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Stem cell regulation in plants

We investigate functions of the plant shoot apical meristem and the role of cell communication in stem cell maintenance and differentiation.

Shoot apical meristems of land plants maintain a small group of stem cells at their tip that divide rarely and remain undifferentiated. Only cells in the periphery of the meristem can initiate the formation of new leaves or flower meristems. The shoot meristem is active throughout the life of the plant; in trees, such a small meristem can maintain its shape and design for hundreds of years, while it is actively growing!

We are trying to find out how cells in the meristem communicate with each other to control the overall activity of meristems. Stem cells at the meristem tip and their neighbours in the peripheral zone secrete small peptides, such as CLV3 and CLE40, that act through plasma-membrane localised receptor molecules to control the expression and function of transcription factors in the meristem. Some of these transcription factors are also mobile and can move through plasmodesmata and trigger specific cellular responses in adjacent domains of the meristem. We study how these different signalling systems operate to coordinate growth and development of the shoot meristem and organ formation. Our approaches involve a variety of different methods, ranging from genetics to biochemical approaches, fluorescent and scanning electron microscopy, image analysis, segmentation and also mathematical modeling. Within this project, we mostly work with Arabidopsis thaliana, but we are also learning a lot from studies on barley and other plant species.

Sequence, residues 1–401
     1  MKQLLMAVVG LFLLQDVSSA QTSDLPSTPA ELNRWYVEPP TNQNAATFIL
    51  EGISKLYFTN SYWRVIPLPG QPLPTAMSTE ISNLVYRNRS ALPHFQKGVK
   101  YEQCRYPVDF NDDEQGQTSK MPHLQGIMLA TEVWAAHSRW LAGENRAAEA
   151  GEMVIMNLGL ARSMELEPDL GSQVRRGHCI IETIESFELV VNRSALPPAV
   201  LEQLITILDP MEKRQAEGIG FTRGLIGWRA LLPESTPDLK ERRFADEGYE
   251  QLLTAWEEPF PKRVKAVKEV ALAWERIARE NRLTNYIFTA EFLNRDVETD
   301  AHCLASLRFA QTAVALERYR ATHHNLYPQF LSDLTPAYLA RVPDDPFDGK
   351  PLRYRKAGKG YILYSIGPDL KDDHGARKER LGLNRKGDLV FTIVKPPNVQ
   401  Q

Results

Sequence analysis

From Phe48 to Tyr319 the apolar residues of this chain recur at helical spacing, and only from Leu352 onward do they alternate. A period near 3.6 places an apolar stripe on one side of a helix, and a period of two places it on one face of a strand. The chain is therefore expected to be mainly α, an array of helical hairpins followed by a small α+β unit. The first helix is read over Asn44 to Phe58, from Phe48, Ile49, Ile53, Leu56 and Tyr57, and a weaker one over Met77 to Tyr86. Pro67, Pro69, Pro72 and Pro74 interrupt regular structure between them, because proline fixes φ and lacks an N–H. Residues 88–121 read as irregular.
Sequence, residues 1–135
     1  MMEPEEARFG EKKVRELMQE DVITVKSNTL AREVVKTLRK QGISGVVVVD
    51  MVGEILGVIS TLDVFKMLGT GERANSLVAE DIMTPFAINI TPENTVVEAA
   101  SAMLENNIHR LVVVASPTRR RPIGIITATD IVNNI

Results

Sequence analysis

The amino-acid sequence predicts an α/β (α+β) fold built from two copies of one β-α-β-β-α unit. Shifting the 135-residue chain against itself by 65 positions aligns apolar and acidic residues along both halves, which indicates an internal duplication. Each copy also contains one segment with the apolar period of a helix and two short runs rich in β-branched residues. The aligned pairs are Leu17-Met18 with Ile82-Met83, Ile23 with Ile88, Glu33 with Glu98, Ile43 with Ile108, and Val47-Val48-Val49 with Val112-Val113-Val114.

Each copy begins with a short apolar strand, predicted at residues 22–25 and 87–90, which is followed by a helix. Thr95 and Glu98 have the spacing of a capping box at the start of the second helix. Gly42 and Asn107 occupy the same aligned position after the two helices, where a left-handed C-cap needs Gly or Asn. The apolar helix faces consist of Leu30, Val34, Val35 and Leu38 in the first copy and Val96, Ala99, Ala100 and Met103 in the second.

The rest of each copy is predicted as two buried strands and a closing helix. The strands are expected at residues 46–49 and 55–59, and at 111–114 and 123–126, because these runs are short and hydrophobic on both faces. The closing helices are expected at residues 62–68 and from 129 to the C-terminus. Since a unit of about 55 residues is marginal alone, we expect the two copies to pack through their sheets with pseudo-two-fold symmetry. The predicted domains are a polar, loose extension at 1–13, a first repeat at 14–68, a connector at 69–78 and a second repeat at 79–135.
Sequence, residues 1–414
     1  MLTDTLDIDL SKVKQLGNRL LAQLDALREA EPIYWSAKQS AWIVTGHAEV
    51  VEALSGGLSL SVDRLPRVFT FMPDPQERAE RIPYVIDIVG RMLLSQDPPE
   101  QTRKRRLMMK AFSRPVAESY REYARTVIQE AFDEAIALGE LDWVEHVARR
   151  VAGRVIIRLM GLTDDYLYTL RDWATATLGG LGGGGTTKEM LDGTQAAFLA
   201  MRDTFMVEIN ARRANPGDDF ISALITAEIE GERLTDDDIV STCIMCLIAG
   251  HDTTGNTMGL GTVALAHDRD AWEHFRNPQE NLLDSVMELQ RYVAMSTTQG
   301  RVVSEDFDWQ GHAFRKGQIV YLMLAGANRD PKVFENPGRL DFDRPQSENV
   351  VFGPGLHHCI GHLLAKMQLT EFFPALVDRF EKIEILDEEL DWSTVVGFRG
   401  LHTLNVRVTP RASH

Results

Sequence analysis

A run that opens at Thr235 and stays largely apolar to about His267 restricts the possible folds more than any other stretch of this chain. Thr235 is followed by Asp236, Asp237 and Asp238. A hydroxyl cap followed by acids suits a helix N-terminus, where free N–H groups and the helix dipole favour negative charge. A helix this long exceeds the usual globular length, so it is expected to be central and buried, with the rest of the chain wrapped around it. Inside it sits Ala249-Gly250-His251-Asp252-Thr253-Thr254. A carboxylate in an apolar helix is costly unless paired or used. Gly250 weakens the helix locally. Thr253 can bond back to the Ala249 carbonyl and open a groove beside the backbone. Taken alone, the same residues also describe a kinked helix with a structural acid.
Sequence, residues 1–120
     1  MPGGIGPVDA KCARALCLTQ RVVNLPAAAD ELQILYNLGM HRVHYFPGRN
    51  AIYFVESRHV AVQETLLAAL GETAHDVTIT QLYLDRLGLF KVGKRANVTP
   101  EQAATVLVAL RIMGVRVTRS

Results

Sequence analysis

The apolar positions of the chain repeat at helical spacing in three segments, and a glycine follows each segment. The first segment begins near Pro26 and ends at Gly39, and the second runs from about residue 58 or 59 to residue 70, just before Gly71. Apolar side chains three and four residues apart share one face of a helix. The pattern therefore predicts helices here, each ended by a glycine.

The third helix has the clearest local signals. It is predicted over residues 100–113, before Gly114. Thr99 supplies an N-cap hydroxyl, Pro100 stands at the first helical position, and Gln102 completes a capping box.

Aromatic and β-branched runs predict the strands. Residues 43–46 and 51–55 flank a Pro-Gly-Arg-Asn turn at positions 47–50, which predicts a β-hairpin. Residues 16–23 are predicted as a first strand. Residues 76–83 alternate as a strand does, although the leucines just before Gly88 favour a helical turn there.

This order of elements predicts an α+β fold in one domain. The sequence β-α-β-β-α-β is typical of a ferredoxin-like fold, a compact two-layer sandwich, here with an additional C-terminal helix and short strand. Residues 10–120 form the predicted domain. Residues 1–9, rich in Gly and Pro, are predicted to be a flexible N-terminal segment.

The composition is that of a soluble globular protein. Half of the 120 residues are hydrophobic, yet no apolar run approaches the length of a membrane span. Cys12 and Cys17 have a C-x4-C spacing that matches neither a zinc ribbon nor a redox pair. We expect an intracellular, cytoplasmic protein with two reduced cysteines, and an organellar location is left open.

• Svenja Augustin | Building 26.14 Floor 00 Room 00.069 | Phone +49 211 81-​12991 |
  • Meik Thiele | Building 26.14 Floor 00 Room 00.069 | Phone +49 211 81-​12991 |